In addition to musical programming, as throughout history, visual artists will tackle giving physical form to the myths and legends that help tell the human story, help explain the human condition. If, in earlier times, this effort was limited to painting and sculpture, it will during Soluna take in new platforms that combine art, music, video, performance and experimental ideas.
On Friday, May 20 and Saturday, May 21, New York-based artist Anton Ginzburg will present a new video, Turo, for ReMix: Orchestral Myth and Legend, a program generously supported by TACA. Set to the live performances of Jean Sibelius’s symphonic poem Pohjola’s Daughter and Richard Wagner’s Waldweben (Forest Murmurs) from Siegfried, the video explores 20th-Century mythologies through an examination of constructivist architecture; the vestiges of the radical and hopeful period of Soviet modernity represent a spatial archive of history and utopia.
In collaboration with the Nasher Sculpture Center, Swiss-born artist Mai-Thu Perret will stage two performances, her recent work Figures on Thursday, June 2 as well as a newly-commissioned piece on Saturday, June 4. In Figures, Perret has managed to tie together the seemingly disparate identities of women throughout history through different characters that both dancer and puppet embody during the course of the performance.
The performance begins with the dancer and puppet as separate entities, and as it goes on, the two gradually merge, then disappear, to be replaced on stage by a character with a typewriter. The piece will also blend recorded music and sounds with live vocalists, as well as musicians from the DSO.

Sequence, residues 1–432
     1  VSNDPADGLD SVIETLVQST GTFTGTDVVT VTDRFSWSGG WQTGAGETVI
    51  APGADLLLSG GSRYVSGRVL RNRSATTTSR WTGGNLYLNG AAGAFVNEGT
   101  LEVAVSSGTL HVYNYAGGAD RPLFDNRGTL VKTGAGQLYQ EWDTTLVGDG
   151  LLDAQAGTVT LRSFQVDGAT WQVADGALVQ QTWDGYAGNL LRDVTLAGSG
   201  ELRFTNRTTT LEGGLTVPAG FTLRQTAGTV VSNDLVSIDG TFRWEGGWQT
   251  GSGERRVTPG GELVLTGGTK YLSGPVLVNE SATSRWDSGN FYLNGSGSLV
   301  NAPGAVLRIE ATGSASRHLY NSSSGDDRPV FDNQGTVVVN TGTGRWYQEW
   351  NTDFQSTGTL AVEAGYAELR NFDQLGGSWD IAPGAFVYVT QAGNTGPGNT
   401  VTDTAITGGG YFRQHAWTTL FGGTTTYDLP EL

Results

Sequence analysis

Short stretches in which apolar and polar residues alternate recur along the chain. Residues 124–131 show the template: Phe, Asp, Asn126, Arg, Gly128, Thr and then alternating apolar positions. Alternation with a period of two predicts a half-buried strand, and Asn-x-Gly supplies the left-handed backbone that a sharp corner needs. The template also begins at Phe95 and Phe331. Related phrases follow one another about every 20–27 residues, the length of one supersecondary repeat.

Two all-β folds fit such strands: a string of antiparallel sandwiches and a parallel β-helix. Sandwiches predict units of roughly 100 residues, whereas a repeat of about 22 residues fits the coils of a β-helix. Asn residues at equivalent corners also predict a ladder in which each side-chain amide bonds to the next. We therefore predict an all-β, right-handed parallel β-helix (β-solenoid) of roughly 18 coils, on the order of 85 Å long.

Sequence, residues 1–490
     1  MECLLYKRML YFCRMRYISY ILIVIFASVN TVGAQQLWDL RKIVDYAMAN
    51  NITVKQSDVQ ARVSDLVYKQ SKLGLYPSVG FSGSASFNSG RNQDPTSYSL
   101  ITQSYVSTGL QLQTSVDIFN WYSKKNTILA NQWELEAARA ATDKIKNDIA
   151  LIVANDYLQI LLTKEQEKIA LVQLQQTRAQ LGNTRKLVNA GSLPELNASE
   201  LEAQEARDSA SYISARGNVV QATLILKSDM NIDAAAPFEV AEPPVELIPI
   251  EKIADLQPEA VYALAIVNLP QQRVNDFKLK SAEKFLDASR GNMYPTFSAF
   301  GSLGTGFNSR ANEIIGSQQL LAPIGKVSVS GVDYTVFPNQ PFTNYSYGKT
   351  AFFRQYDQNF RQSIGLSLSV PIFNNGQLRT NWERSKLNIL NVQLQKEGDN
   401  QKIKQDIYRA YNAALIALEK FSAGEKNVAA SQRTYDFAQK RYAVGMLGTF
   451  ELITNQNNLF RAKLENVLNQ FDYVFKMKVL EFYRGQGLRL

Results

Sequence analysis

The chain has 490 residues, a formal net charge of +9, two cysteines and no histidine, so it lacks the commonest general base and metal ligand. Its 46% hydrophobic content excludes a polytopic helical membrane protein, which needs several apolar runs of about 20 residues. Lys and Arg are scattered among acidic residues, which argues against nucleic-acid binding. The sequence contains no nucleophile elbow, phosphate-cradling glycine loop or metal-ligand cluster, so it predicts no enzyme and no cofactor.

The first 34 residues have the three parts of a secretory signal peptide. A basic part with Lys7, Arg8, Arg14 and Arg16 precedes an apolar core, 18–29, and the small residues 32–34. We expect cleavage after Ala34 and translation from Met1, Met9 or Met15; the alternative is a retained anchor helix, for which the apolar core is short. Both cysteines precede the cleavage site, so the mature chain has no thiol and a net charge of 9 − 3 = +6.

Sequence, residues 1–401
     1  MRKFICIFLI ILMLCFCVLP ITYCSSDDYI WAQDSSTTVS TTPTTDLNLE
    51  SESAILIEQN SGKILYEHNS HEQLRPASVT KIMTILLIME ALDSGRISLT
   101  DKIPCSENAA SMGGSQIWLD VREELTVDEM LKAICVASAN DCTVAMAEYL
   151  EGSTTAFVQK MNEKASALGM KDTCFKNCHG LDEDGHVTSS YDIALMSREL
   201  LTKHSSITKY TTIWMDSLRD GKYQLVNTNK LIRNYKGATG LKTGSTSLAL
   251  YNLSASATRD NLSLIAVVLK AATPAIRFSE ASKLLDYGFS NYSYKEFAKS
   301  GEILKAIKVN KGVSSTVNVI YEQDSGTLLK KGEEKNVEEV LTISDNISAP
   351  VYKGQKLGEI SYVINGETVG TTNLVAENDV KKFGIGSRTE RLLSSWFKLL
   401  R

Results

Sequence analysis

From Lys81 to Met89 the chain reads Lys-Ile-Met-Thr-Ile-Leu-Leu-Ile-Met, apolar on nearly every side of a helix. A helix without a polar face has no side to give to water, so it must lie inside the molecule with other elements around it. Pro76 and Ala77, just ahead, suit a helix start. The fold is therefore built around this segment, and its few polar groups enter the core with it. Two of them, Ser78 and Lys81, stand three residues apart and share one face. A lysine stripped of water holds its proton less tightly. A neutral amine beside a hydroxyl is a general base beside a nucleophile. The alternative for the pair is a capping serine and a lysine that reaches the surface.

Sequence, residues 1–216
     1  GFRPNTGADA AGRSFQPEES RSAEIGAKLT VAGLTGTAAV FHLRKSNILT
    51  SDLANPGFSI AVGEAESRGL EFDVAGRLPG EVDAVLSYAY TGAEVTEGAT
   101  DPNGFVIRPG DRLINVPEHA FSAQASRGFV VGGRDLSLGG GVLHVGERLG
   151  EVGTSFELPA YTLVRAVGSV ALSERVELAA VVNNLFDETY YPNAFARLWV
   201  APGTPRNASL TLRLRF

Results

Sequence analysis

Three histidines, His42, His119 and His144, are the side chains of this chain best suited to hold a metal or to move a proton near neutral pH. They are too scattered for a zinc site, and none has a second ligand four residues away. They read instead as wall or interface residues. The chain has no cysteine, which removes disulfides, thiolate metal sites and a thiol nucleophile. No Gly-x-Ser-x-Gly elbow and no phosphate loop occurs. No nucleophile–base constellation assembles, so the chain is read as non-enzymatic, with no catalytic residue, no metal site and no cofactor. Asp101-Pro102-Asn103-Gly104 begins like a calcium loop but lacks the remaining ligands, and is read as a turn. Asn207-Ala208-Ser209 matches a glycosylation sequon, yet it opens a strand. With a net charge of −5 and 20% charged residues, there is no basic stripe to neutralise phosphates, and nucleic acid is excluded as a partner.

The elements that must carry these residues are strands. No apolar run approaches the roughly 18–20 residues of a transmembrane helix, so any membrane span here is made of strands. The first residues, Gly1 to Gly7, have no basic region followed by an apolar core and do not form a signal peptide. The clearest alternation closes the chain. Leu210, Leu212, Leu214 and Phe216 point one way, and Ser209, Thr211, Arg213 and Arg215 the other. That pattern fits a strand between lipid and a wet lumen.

While everyone involved in Soluna recognizes the initial spark provided by Jaap van Zweden, there is no thought that his departure strikes an existential blow to the festival’s existence. There is Anna-Sophia, to carry the concept forward. There is the Arts District and the Dallas arts public to embrace being both reassured and shaken up by the nature of true creativity. And naturally, there is the truth of the mission itself: that collaboration creates more, better, and ultimately more interesting art.
“There was a need for the orchestra to start a festival, like so many other orchestras do,” she says. “But Dallas is different. It has all these great art institutions all so close to each other. Soluna is a Dallas festival. There’s such a collaborative spirit now.”